central pond susnet

September 9, 2014 sunset over my favorite stump.

May 15, 2015 sunset over my favorite stump.

May 15, 2015 sunset over my favorite stump.

So the next time you’re out around a pond or river, don’t walk past the stumps. They might just turn into your favorite thing to shoot. If not, well I’d be stumped as to why. :)

~ Bryan Bzdula



Fine Art America







Posted in Landscape, Massachusetts, Nature, Rhode Island, Summer Tagged , , , , |

Help The Mt Washington Observatory And You Could Win A Print


Me standing proudly at the Mount Washington summit sign.

With your help I’ll be on the summit supporting the Mount Washington Observatory again this year.


Using Photography To Help Support A Worthy Cause.

As a New Hampshire based landscape photographer I’m not always interested solely in making a sale, but also in how I can use my talent as a photographer to support a cause I believe in. For me that cause is Mount Washington Observatory (MWOBS).

Perched high atop the 6,288 foot summit of the tallest peak in the Northeast, and known as “The home of the worlds worst weather,” since 1932 the non-profit  MWOBS has been performing weather research and observation under some of the most extreme weather conditions on the planet. In fact, it was in April of 1934 that the highest windspeed ever observed by man was recorded at a whopping 231 MPH, that’s some serious wind!

To continue this research MWOBS needs your help. Each year in July the Observatory holds Seek The Peak, a hike-a-thon to raise funds to help them continue their mission. This years hike is scheduled for Saturday July 18th.

Looking out over Pinkham Notch towards the distant mountains, the sun peeks over the far mountain ridge.

You gotta get on the trail pretty early to catch sunrise from above tree line. This is from last years Seek The Peak. From Harvard Rock on the Boott Spur Trail.

“How can I help?” you ask. The answer is simple.  Click HERE to support the MWOBS! and making a tax deductible pledge you’ll be among one of the many generous supporters who’ve helped keep the Observatory funded over the years.


Still a long way to go. On the Boott Spur Trail (The large “hole” in the mid-ground is Tuckerman Ravine)

“What’s in it for me?” Fair question, and the answer is equally simple. For each $10 donation made HERE your name is automatically entered into a drawing for a signed 16″x24″ print. The winner will get to choose from among any of the photos found at

Feeling really generous and want to take all the chance out of winning? For the person who makes the largest single donation you will automatically receive a signed 20″x30″ canvas gallery wrap of the image of your choice.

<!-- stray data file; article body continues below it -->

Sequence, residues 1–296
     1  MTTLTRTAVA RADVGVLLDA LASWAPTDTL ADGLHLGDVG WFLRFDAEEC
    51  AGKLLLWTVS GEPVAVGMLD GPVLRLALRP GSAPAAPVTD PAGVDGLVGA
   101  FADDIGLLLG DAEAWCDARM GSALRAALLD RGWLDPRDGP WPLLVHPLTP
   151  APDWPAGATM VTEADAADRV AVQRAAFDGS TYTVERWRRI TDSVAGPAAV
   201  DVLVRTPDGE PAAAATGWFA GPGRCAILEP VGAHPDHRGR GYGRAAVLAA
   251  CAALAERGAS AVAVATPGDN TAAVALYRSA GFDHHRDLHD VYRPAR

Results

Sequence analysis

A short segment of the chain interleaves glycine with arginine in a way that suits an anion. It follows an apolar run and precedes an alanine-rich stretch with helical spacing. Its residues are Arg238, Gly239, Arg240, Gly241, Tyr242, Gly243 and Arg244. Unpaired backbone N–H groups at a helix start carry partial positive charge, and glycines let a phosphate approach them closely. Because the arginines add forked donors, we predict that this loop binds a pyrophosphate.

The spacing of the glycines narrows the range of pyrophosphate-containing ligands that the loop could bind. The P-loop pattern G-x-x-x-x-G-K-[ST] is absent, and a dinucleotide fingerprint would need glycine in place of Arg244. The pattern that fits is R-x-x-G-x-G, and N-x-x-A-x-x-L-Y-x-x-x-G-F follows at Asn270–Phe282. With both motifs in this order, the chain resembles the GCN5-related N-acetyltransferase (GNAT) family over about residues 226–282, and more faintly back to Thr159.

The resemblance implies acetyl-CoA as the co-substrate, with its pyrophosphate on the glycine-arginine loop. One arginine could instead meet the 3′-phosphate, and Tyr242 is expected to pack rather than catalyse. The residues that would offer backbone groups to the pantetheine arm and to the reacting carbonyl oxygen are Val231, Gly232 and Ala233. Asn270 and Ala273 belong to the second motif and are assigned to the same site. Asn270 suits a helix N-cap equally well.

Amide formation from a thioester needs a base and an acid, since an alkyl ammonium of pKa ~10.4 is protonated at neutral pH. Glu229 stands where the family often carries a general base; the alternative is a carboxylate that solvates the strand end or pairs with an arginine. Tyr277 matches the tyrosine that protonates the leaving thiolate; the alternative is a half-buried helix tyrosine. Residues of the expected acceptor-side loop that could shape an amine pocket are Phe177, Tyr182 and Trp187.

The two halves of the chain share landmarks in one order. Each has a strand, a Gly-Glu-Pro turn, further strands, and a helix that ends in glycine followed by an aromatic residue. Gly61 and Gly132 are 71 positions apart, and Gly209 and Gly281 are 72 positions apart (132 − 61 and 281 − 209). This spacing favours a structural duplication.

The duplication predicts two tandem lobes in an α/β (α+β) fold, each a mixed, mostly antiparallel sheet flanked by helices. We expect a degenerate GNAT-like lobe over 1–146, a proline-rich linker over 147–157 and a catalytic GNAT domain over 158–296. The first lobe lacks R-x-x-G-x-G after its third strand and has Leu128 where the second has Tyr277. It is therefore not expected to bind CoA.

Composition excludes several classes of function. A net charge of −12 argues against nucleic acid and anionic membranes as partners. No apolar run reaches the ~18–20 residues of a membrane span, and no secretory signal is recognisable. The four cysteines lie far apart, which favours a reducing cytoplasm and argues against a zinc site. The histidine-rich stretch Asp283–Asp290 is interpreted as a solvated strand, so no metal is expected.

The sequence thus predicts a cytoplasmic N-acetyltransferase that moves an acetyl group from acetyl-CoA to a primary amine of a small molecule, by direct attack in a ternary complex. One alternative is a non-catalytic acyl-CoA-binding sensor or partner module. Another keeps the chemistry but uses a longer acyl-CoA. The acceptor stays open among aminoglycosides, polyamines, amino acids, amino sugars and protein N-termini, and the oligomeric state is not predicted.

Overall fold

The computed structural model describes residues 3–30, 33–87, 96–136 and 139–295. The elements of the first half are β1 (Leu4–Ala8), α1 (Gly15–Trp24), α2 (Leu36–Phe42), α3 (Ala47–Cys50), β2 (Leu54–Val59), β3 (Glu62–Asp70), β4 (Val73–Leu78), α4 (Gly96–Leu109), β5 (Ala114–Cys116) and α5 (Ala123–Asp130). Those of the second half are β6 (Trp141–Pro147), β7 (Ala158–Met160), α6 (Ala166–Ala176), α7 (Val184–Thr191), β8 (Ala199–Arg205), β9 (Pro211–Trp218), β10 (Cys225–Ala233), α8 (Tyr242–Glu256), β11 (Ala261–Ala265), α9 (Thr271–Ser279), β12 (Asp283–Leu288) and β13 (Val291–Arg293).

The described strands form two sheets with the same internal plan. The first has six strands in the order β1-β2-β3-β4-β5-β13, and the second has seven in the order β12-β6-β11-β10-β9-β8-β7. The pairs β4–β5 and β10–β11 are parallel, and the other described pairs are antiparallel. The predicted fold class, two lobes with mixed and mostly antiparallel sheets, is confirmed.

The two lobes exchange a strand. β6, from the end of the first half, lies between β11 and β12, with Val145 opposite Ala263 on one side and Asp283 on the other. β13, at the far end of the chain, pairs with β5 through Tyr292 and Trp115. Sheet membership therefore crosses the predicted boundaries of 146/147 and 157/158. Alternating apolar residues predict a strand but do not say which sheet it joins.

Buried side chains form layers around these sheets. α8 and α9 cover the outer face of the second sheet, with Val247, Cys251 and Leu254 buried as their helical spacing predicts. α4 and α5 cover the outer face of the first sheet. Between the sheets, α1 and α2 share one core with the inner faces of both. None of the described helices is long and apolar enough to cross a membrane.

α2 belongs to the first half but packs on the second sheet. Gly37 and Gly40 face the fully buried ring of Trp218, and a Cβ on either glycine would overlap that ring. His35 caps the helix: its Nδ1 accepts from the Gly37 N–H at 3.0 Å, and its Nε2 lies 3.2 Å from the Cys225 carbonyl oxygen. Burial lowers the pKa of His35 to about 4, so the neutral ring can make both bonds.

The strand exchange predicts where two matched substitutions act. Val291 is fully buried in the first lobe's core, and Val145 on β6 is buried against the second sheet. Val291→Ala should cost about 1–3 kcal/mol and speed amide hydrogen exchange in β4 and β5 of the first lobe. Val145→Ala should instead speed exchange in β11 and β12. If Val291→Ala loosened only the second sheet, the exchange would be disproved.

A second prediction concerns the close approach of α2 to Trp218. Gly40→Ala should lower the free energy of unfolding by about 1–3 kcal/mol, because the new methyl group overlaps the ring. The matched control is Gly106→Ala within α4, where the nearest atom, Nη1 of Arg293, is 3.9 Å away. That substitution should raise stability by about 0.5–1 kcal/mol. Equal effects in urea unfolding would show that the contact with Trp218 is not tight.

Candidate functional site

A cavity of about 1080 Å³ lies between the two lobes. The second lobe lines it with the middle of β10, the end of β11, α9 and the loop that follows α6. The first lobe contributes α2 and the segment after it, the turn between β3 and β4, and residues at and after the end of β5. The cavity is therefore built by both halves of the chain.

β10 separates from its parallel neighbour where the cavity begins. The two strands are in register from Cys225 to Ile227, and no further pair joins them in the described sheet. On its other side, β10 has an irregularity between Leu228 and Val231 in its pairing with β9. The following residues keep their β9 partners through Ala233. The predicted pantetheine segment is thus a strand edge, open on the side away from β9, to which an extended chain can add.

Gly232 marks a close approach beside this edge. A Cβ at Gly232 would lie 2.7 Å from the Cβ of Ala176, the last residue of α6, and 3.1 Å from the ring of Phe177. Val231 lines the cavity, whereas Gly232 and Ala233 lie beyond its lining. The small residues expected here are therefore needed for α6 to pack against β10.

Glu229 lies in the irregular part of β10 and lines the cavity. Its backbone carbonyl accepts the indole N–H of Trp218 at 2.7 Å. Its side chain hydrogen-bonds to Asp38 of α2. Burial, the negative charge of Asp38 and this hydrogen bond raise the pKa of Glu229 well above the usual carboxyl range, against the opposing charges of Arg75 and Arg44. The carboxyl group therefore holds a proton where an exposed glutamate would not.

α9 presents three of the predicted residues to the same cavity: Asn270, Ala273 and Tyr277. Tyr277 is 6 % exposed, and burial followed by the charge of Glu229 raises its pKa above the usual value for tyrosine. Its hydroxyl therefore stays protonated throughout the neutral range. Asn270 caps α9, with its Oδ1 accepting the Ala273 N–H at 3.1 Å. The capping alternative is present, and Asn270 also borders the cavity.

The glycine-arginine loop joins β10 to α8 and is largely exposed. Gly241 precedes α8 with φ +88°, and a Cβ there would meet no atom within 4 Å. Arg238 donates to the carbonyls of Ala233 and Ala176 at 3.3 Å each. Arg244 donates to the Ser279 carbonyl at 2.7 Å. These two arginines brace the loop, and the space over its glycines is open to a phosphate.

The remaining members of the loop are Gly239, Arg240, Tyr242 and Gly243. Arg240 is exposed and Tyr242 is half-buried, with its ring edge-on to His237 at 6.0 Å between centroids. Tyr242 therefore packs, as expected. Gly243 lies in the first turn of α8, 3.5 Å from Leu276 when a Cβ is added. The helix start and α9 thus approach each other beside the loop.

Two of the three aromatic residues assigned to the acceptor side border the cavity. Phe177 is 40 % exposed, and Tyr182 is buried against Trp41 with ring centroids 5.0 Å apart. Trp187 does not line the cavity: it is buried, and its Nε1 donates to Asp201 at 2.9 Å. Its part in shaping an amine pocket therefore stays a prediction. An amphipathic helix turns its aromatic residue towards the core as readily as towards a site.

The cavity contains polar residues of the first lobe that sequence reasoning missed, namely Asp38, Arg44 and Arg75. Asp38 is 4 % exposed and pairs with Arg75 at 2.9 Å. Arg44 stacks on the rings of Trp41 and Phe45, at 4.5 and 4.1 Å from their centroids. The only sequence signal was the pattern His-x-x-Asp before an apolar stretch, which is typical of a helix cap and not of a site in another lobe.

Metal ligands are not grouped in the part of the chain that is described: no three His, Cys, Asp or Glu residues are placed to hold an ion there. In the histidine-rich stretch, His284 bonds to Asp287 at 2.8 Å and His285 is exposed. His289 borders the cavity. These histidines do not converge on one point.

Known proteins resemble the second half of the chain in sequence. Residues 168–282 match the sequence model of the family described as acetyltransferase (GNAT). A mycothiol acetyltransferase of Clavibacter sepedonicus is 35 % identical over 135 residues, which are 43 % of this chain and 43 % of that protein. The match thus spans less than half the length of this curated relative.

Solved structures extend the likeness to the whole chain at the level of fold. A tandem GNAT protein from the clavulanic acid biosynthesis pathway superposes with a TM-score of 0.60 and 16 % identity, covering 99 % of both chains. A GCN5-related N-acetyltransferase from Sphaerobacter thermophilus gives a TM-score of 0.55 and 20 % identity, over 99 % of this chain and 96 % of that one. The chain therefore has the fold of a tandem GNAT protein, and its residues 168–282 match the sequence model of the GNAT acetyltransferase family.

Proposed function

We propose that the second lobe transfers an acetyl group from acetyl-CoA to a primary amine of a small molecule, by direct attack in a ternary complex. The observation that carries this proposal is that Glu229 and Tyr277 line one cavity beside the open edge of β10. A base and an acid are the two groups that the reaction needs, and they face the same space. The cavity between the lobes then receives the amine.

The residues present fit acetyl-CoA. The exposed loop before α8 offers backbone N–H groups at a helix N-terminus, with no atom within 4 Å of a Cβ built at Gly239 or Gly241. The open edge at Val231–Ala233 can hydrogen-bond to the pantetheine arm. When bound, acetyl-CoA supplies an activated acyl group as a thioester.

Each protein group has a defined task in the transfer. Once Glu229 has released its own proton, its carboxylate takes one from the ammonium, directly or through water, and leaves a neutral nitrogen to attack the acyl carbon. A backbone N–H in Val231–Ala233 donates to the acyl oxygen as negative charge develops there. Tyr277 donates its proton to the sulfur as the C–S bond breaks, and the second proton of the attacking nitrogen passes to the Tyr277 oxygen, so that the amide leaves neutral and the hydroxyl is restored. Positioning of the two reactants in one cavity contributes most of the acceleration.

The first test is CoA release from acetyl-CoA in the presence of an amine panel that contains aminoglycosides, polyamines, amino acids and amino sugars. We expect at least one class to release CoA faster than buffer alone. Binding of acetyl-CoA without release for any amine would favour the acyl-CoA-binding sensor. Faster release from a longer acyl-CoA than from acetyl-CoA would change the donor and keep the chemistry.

Still not enough? Not only do the winners each get to take home their own signed image, each lucky winner will receive a copy of “White Mountain Poems,” a book by New Hampshire author Jeffrey Zygmont.

White Mountain Poems Cover



Don’t wait!

There are less then three weeks left before this years July 18th Seek The Peak Event. In order for your donation to count you need to make your tax deductible donation by clicking HERE by Thursday July 16th.

Thank you! See you at the summit!!

Me standing on the real highest point on Mount Washington.

Me standing on the true highest point on Mount Washington.

By Jeff Sinon

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Nature Through The Lens 

Posted in Backcountry Travel, Mount Washington, New Hampshire, Scenic New England, Sunrise /Sunset, weather Tagged , , , , |

Newfane Vermont


Autumn Windham County Courthose, Newfane Vt

Windham County Courthouse

Newfane Vermont has long been one of my favorite nearby locations for exploration and, of course, photography. The town possesses the classic beauty of rural New England. It is notable for miles of rambling country roads and peaceful scenery, but Newfane is also the county seat and as the “Shire Town” has a perfectly arranged town center. Over the last couple of weeks, in preparation for this edition of my “Favorite Places”, I have been spending time re-exploring Newfane, and as usual, discovering new history and attractions in this place I thought I knew so well.

  • For more glimpses of Newfane’s beauty and history, check out the companion Image Album in  “Getting It Right in the Digital Camera” blog.
  • And the Newfane Gallery on my web site.


View South from Newfane Hill

View South from Newfane Hill & Old Newfane Site

When, in 1753, Governor Benning Wentworth chartered the town , it was named Fane after the Earl of Westmoreland, John Fane. Before the area could be settle, the French and Indian War intervened, preventing a town meeting within the required five years and the charter lapsed.  A new charter was issued in 1761 and, through a startling lack of originality, the town was renamed Newfane. The original village was located high on beautiful Newfane Hill, but, because of the difficulty of winter access, it was moved in 1825 to its current flatland location near the West River. Shortly after the relocation the town was named the Windham County seat and the classic courthouse building was constructed soon after.  Throughout its early history Newfane prospered, benefitting from rich soils for agriculture and livestock, and  abundant flowing water for various manufacturing.


Historical Society Bell

Historical Society Bell